All related (8)
Hila Segal
VP of Product Marketing, Observe.AI | Formerly Clari, Vendavo, AmdocsMay 29

Naming a new category is a big deal. Don't name it just by the scope and capabilities of your own solution - think bigger. A few things to help the naming process:

1. Talk to customers and try not to lead the witness. Understand what terms they use to describe the pain points and expected business value of the category. Make sure you talk to a broad set of customers that represent different industries, segments, and buying personas. 

2. Research what other categories exist, how much traction they have, how they are defined, and what's the potential overlap. Create a map of the landscape. Leverage analyst reports, G2, and other review platforms. 

3. Create a hypothesis and test it - internally and externally with your partners, CABs, analysts. 

4. Once you land on a name go all-in by creating content and thought leadership to educate the market. Every employee in the company becomes an evangelist of the new category and consistency matters. Also, rely heavily on your customers and early adopters to promote the new category. 

Anthony Kennada
Chief Marketing Officer, HopinJanuary 23

Great question, and one that I’ve done some writing on (see link below).

http://www.categorydev.com/category-branding/

There are SEO, branding, PR/AR and many other implications to selecting a category name – so it’s important to get this right.

I believe new categories and markets are created when a person / job title exists that is not being served in a meaningful way by an existing vendor. Categories that speak to that person, rather than the product, tend to better resonate. Analysts will suggest archaic category naming conventions that will undoubtedly result in an acronym – Enterprise Content Management (ECM), Recurring Revenue Management (RRM), etc. My POV is that there’s not a lot of conviction for a marketer (or customer) in those categories.

Instead, look for clues in the customer job titles and anchor around a common problem. We were fortunate that a title existed in the marketplace called the “Customer Success Manager,” but no one was championing the profession in a meaningful way. Our answer was clear that the category should be called Customer Success.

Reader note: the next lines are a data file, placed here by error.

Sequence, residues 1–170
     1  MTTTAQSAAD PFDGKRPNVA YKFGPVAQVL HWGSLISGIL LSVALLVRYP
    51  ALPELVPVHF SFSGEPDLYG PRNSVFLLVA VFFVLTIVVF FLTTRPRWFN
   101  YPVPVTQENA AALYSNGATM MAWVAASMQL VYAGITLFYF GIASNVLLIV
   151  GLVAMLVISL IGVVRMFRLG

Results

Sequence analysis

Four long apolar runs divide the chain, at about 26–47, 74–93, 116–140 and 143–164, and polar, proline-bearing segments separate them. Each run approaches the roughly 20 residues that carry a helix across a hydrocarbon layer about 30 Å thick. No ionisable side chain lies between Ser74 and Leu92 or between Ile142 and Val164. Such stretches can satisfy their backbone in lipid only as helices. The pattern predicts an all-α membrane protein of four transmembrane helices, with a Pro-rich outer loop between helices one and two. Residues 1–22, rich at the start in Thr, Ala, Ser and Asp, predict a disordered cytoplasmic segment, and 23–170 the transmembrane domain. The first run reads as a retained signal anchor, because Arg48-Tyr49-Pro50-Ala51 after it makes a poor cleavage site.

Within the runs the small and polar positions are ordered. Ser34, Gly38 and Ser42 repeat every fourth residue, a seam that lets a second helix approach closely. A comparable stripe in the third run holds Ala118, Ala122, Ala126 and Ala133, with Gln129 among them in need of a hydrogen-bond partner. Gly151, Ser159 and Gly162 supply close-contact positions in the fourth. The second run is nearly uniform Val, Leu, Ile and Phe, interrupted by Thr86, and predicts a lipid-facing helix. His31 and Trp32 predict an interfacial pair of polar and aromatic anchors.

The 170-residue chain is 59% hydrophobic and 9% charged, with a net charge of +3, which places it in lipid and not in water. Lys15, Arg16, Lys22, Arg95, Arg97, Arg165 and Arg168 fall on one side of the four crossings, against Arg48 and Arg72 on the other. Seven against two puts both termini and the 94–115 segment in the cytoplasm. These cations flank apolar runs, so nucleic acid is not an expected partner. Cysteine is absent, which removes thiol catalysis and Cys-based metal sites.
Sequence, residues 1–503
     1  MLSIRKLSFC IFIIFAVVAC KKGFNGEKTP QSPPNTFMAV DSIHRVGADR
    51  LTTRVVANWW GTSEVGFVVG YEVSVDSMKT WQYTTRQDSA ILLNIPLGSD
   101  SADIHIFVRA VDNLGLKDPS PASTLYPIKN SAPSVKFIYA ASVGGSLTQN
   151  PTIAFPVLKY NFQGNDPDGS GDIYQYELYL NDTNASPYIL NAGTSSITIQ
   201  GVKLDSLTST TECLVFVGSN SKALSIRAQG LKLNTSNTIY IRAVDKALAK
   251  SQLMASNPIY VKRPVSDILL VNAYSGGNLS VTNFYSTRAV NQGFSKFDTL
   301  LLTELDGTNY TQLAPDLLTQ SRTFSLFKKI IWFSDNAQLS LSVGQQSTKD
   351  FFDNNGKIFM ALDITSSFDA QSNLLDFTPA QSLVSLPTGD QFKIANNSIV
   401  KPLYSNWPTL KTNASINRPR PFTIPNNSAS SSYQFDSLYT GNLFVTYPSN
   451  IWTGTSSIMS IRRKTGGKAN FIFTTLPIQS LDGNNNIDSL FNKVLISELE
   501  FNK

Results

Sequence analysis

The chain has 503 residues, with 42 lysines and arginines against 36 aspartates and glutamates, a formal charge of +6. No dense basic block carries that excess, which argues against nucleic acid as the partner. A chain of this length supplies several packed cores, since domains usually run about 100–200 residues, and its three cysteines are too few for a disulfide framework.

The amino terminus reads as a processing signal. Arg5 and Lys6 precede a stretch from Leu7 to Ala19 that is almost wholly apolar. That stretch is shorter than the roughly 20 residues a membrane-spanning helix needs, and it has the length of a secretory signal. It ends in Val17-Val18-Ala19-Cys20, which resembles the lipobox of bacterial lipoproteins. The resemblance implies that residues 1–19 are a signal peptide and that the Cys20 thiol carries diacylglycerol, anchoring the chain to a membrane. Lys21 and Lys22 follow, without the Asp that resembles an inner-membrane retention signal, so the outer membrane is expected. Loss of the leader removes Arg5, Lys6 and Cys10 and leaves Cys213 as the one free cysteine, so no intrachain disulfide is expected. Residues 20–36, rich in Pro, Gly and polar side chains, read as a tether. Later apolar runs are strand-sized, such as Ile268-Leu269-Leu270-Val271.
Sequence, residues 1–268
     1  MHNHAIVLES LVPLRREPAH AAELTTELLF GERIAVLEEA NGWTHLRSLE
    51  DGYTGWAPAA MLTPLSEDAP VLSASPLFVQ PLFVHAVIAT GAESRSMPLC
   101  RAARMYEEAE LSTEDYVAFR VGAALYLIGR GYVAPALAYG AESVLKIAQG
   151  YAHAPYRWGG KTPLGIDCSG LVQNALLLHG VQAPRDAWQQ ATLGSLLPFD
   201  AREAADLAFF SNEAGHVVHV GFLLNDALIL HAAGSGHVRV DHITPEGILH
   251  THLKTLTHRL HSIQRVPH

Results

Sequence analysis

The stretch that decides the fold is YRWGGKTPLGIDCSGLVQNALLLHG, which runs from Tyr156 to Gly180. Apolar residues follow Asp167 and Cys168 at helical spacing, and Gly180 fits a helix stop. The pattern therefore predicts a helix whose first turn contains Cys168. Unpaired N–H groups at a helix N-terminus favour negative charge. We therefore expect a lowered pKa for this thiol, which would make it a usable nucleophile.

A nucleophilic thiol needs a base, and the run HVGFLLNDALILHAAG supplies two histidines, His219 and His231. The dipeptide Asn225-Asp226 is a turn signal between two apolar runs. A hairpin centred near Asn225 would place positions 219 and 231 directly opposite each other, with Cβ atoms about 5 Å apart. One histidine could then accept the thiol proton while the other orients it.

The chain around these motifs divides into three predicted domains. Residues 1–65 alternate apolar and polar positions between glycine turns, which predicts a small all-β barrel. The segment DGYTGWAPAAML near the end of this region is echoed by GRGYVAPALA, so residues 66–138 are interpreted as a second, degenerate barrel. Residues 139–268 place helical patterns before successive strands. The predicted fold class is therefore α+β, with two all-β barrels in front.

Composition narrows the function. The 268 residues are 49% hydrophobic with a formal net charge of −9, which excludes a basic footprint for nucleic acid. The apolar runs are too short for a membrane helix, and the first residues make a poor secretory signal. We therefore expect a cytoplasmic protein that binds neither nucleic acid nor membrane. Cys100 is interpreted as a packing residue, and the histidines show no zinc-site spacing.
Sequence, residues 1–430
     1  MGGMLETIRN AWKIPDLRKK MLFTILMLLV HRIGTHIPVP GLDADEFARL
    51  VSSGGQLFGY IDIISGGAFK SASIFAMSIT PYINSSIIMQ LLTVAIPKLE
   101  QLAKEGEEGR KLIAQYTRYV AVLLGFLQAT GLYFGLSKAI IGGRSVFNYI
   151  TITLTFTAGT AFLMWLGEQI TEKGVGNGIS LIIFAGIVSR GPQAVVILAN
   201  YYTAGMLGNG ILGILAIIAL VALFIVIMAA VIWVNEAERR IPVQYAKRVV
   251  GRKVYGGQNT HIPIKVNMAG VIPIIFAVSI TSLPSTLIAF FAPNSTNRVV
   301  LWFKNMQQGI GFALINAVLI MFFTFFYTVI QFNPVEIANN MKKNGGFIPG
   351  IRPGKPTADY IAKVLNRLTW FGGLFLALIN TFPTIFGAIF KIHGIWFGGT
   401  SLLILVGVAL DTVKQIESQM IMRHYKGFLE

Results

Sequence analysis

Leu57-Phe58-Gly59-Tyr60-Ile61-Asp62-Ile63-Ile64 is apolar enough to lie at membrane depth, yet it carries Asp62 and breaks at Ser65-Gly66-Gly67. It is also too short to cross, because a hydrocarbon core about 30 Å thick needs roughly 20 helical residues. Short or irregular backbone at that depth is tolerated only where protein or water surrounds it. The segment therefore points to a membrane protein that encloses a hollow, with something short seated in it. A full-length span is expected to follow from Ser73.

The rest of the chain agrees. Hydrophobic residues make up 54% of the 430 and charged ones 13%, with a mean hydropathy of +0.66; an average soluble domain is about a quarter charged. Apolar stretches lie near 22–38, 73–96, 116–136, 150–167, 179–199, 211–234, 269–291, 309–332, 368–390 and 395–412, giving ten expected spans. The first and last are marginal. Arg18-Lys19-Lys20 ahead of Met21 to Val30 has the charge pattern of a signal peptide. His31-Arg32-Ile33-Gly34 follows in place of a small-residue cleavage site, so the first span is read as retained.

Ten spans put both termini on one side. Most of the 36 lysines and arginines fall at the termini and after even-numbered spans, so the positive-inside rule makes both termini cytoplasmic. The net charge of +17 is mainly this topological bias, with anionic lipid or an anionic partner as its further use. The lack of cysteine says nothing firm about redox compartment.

The last piece to consider is SEO and search volume. Is your category easily discoverable when a potential customer is searching for a solution to their pain points? Using Google Trends to help narrow down a short list of ideas is helpful.

Dave Daniels
Founder, BrainKraftSeptember 7

Connect the name of the new category with something familiar to your market: Horses + Carriages => Horseless Carriage => Automobile. And because Sharebird says my answer is too short, I will add this sentence to comply. Apparently, the answer needs to be 300 words or more so I'll keep typing gibberish until I meet this completely arbitrary requirement. 

Paul Lacey
Sr. Director of Product Marketing, MatillionOctober 23

Category naming is more art than science. It involves a deep understanding of your solution space, the language of your existing and prospective customers, and the founder's intuition into the vision for the business.

 

Conventional wisdom suggests that a category name be no more than three words, and should capture the use case of your product as opposed to just features/benefits. Examples: Customer Relationship Management, Marketing Automation, Direct Care Administration.